Michael Vlach, Professor of Theology at the Master’s Seminary, has written what I would consider the finest book on the kingdom of God since Alva McCain’s The Greatest of the Kingdom. He writes from a decidedly dispensational position and argues that the kingdom is the central and unifying theme of Scripture (pp. 5, 21-28, 582). His goal, as stated in the introduction, is “To present a comprehensive biblical theology of the kingdom of God from a new creationist perspective” (p. 11). He unpacks this statement on pages 14-16. Vlach rejects theological positions which advocate replacement theology (pp. 17, 367), or that attempt to reinterpret the Old Testament via the New Testament (pp. 32-41), and any ideas that the Cultural Mandate of Genesis 1:26-28 is incumbent on the church today (pp. 15-17, 60-67, 456-458, 544-545). Prophecies and promises concerning and given Israel in Scripture will be literally fulfilled (p. 17) in a literal kingdom on earth (p. 18). Vlach is premillennial (p. 17) and consistently uses grammatical-historical hermeneutics as his interpretive grid (pp. 33-37). As the author sees it, “The storyline after the fall of man in Genesis 3 will be the process by which God restores man to the kingdom mandate of Genesis 1:26-28” (pp. 63-64).
Following this storyline through Scripture is the uniqueness of He Will Reign Forever. After laying the necessary theological foundation for understanding the kingdom of God in Part One, Vlach launches into a systematic, thorough survey of Scripture’s teaching on the subject. Part Two outlines God’s kingdom program throughout the Old Testament. Tracing the kingdom from Genesis through the Exodus, on to the exile and regathering of Israel, and in the Psalms and writing prophets, Vlach makes his case for the centrality of the kingdom in Old Testament literature. Some important highlights include:
- Affirmation that the land promises found in the Abrahamic Covenant will be literally fulfilled (pp. 84-87).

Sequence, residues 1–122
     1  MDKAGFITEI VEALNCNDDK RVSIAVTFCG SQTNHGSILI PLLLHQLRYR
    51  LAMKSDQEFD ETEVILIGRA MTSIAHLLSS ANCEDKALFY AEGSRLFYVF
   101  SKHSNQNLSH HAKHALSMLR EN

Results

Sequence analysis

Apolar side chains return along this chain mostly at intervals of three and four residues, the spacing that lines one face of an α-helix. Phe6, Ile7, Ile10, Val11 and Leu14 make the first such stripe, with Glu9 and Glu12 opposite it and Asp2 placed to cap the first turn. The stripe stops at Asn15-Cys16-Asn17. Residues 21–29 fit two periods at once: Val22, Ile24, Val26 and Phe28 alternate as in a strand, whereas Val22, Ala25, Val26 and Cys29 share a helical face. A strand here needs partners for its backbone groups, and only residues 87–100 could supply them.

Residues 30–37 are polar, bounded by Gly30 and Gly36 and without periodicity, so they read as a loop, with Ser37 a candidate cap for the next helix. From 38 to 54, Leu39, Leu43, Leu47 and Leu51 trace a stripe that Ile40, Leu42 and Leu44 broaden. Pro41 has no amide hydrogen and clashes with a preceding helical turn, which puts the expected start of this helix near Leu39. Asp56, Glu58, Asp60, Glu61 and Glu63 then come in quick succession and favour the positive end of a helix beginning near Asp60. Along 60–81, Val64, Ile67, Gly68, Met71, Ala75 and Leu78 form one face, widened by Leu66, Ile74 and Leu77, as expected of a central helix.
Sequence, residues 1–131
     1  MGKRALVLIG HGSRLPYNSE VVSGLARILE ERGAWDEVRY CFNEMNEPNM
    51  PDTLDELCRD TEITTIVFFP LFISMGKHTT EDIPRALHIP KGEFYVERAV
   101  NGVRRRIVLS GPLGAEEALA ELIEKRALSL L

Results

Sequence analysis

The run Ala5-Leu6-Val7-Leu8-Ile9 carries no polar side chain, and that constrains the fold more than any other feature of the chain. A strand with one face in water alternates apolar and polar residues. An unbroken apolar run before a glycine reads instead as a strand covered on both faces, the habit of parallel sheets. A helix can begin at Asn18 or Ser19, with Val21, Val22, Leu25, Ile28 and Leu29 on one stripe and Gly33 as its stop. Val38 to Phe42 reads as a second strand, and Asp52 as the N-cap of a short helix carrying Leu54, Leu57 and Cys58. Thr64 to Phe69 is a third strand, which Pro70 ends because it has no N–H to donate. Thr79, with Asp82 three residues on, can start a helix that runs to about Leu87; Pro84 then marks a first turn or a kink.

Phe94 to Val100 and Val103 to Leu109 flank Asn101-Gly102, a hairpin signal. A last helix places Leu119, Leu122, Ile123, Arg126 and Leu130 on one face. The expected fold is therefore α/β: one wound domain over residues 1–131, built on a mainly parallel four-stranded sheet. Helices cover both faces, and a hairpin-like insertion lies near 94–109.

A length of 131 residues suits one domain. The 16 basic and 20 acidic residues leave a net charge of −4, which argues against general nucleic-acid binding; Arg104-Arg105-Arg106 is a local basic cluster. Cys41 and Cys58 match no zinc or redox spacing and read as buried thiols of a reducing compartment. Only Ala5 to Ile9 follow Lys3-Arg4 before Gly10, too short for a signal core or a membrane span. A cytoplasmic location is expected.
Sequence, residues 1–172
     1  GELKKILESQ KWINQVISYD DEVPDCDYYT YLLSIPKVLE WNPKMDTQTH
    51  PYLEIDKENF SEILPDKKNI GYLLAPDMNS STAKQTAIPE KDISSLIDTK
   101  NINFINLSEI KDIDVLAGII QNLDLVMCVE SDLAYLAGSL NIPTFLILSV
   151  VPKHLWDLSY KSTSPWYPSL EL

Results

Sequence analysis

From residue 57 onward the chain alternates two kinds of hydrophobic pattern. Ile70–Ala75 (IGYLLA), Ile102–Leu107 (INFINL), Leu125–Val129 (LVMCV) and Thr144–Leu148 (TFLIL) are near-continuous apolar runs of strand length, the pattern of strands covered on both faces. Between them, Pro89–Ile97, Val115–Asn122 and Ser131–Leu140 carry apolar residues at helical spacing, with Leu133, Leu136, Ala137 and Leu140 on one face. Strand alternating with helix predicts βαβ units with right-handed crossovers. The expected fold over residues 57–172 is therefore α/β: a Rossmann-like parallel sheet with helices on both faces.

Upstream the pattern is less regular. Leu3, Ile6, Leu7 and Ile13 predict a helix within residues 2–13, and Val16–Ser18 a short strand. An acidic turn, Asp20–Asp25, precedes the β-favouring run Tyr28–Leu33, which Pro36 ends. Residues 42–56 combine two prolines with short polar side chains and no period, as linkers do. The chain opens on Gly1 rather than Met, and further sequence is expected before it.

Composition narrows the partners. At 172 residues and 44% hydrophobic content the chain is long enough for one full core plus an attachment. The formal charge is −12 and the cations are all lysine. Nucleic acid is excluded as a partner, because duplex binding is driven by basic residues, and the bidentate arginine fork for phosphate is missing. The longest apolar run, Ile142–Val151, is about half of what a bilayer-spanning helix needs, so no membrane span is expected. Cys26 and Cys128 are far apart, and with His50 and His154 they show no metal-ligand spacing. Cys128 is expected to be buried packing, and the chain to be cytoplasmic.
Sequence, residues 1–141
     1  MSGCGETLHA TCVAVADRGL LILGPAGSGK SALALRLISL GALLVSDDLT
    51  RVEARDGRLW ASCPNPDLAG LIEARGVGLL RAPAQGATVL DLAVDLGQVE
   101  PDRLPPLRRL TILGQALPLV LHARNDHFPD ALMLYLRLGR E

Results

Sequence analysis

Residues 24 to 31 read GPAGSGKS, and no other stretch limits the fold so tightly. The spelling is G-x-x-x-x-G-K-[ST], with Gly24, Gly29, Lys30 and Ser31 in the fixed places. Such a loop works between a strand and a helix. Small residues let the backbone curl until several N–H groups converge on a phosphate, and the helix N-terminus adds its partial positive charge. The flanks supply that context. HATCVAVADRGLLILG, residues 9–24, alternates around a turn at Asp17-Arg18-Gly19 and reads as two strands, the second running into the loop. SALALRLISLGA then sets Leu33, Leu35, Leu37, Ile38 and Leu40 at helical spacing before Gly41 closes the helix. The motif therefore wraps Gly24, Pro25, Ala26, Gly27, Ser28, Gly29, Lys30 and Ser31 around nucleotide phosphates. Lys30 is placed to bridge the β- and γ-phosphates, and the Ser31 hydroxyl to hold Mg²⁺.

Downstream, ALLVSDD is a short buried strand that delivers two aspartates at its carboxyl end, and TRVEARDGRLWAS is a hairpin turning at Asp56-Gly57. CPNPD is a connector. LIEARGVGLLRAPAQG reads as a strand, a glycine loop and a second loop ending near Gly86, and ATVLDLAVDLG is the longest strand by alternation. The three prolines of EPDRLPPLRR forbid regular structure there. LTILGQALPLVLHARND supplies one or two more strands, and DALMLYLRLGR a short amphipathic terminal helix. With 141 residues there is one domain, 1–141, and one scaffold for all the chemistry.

- Israel’s OT mission was to draw the nations to God by means of their righteous living (pp. 95-96).
- Repentance of Israel as a nation is a condition for establishing the Messianic kingdom, which explains why Jesus did not set up the kingdom at the incarnation (pp. 100, 268-277, 322-324, 362-363, 367, 413-421, 431-452).
- The importance of the Davidic Covenant in regards to the restoration of the kingdom (pp. 115-118, 184-185, 569-579).
- How the Royal Psalms point to the kingdom (pp. 127-143).
- The New Covenant’s role in the kingdom (pp. 185-191, 199).
In Part Three Vlach turns to the New Testament demonstrating that the kingdom continues to be the primary theme (pp. 255-266). He begins this section by affirming that the New Testament authors defend the literal expectation of the Old Testament prophets and do not try to transcend or redefine what they wrote (p. 255). As such, “The NT continue[s] the kingdom storyline” (p. 255). Matthew, with its detail concern about the kingdom, is worthy of the 13 chapters Vlach devotes to it. These chapters, in this reviewer’s opinion, is the heart of the book and a most helpful study. Valuable exegesis of the Sermon on the Mount, the kingdom parables and the Olivet Discourse found in Matthew 13, are just some of the important content found in this section. When Vlach turns to the remainder of the New Testament he finds that, while the kingdom is not mentioned as often, it always frames the discussion. In Acts the author sees, with McClain, a second offer of the kingdom to the Jews in Acts 3:17-26 (pp. 413-421), an offer they once again reject. In the epistles of Paul there are only 14 references to the kingdom compared to 121 in the Synoptics and, even when it is referenced, Paul never defines it (p. 431). Still the kingdom never fades from the scene. Vlach devotes a chapter each to Paul’s epistles and the book of Hebrews, three chapters to the Revelation and a short chapter summarizing the NT teachings on the kingdom.
Part Four handles some of the more difficult theological issues related to the kingdom including reasons a Millennial kingdom is necessary (pp. 551-567), and Augustine’s view that the kingdom is spiritual, which has dominated and still dominates the kingdom related theology of much of the church (pp. 563-567). Chapter 38 traces the issues of the “already/not yet” construct. Known also as inaugurated eschatology, it is embraced by many evangelicals who believe Jesus inaugurated His kingdom at His first coming, so that the kingdom, to a certain extent, is present on earth today, but awaits complete fulfillment at His return. The author gives detailed attention to this subject showing that certain aspects of the Davidic Covenant are in place during the church age, but fully rejecting that Christ inaugurated the kingdom or sits on David’s throne today.
He Will Reign Forever is the most thorough, up-to-date and useful guide on the kingdom of God of which I am aware. It deserves a wide and careful reading by all who want to understand God’s program for the ages.
Reviewed by Gary E. Gilley, Pastor-teacher at Southern View Chapel.